HistoryofScience.com Blog

Sunday, August 17, 2008

Publisher accused of 'grave robbing' for printing last two novels marred by Sir Walter Scott's ill-health

As a specialist in rare books in the history of science and medicine for more than 40 years, I have handled numerous rare items concerning the history of resurrection men, also called resurrectionists, or body-snatchers. These pamphlets, broadsides, and books usually concern the business of illegally supplying corpses to anatomy schools in England and the United States during the early nineteenth century when criminals sentenced to be hanged and anatomized were the only legal supply of corpses, and this supply was insufficient to support the demand from private anatomy schools. The most notorious of all resurrectionists were Burke and Hare, who were able to supply fresh, undeteriorated corpses to the anatomist Robert Knox by smothering their victims. A hero of my youth, the poet Dylan Thomas, wrote a screenplay on this topic entitled The Doctor and the Devils, which was published in 1953. It was significantly re-written and produced as a film with the same title in 1985, starring Timothy Dalton, Jonathan Pryce, and of all actresses--Twiggy. In my opinion, this film is one of the most entertaining and authentic dramatizations relating to medical history. It is available on DVD.



While I have had a lot of business experience with rare material concerning resurrection men, I never imagined that a publisher could be accused of resurrecting a manuscript that rightly should have been left undisturbed in its archival grave. However, that is exactly what happened recently, according to a review published in Scotland on Sunday of Sir Walter Scott's posthumous The Siege of Malta and Bizarro. These unfinished novels were written by Scott in 1831 and 1832 after he had suffered a series of strokes which affected his writing abilities. Because of their obvious major flaws neither Scott nor his descendants believed that they should ever be published. "The late John Buchan read both works while researching a biography of Scott in 1932 and remarked: 'It may be hoped that no literary resurrectionist will ever be guilty of the crime of giving them to the world.' " For decades the manuscripts, with all their limitations, were preserved in the Berg Collection at the New York Public Library.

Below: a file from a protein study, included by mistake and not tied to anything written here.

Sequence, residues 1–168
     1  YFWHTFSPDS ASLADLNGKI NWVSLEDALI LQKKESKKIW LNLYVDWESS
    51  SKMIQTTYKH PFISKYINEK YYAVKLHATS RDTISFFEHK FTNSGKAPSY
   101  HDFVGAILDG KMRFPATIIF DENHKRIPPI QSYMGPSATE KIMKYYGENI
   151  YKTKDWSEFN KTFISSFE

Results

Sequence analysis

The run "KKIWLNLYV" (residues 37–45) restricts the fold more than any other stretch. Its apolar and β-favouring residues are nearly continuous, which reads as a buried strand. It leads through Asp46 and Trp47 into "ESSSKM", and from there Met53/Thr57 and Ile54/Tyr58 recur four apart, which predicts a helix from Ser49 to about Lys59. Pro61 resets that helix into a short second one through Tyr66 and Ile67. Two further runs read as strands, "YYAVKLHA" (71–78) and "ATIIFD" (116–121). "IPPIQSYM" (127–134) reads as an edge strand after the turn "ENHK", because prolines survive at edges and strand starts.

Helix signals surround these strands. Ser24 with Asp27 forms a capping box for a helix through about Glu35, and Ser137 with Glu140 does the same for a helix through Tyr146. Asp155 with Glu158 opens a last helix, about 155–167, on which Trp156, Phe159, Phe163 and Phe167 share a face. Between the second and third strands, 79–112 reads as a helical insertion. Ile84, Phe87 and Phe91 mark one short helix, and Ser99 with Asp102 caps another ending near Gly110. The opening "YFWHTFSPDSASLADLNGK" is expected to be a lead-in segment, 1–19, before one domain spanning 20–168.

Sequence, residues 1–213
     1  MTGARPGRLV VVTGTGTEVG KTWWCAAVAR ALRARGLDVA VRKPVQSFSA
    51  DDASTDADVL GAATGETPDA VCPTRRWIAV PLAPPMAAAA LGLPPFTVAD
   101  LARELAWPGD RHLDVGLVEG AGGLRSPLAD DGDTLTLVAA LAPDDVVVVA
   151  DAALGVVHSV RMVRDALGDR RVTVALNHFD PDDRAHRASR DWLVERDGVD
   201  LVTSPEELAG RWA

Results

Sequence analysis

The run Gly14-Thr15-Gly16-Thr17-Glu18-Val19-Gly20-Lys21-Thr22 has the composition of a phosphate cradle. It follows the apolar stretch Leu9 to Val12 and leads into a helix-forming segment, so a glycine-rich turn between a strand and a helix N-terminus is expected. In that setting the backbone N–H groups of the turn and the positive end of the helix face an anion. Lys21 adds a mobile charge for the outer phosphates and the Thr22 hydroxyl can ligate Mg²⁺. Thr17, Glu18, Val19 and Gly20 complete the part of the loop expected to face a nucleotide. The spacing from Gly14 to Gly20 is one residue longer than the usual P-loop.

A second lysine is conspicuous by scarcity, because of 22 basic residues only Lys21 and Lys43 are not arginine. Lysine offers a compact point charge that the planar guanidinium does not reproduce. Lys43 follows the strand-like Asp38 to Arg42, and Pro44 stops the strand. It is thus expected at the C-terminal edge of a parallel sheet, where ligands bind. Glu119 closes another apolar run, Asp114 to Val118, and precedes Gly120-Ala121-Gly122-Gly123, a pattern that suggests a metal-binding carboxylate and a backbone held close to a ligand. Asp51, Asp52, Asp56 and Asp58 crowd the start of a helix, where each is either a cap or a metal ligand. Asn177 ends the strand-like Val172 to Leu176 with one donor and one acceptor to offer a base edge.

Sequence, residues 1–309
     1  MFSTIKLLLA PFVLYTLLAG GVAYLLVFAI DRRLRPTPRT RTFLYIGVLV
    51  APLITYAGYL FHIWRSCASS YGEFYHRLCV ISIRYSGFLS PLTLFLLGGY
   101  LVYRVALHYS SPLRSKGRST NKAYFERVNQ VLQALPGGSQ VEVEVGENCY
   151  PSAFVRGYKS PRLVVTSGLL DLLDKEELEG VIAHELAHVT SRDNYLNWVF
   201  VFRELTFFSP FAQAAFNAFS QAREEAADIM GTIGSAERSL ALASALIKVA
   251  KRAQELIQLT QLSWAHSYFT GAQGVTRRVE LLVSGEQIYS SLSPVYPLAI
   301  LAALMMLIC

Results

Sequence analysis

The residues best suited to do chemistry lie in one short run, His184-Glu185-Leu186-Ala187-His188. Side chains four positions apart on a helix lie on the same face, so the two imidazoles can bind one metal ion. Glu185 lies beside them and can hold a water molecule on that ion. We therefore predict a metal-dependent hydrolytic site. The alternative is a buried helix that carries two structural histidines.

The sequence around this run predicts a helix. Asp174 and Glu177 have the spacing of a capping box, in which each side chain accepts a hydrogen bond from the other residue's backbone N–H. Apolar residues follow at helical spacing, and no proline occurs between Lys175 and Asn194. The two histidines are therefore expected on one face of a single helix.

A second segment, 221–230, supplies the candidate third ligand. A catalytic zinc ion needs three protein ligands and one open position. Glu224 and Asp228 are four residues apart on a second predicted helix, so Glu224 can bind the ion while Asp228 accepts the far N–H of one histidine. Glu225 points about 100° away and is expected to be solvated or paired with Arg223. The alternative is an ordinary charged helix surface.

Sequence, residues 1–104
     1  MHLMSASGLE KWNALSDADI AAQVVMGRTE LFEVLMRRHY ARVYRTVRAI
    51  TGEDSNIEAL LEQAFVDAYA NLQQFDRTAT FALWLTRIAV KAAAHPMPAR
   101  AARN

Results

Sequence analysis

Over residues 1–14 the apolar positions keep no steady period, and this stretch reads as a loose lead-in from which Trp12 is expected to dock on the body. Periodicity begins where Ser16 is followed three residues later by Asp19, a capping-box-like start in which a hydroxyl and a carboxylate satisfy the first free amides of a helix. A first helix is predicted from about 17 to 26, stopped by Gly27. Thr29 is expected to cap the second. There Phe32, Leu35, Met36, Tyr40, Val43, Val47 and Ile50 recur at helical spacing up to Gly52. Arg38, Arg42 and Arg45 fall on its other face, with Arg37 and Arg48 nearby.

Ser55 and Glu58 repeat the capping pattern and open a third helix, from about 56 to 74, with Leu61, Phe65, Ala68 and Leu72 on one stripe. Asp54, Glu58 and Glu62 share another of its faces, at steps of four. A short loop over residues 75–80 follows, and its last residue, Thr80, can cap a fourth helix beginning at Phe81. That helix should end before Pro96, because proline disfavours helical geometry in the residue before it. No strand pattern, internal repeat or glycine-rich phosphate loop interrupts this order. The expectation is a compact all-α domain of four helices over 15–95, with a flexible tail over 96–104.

However history judges these literary "resurrectionists," and I suspect that it will be with tolerance--it should be pointed out that no professional body-snatcher ever wanted to be accused of actual "grave-robbing." That is because punishment for stealing a dead body was a misdemeanor, punishable with a fine or imprisonment, while actually stealing property from a corpse, such as jewelry that might have been buried with a body, was a felony, potentially punishable by "transportation" or even execution.

In keeping with our enlightened, tolerant view of this questionable publishing project, and not wanting the publisher to suffer more than appropriate critical ridicule, would we want to remove the words "grave-robbing" from the headline and revise it as follows: "Publisher Accused of Literary Body-Snatching for Printing Last Two Novels Marred by Sir Walter Scott's Ill-Health?"

posted by Jeremy Norman @ 11:20 AM   0 Comments

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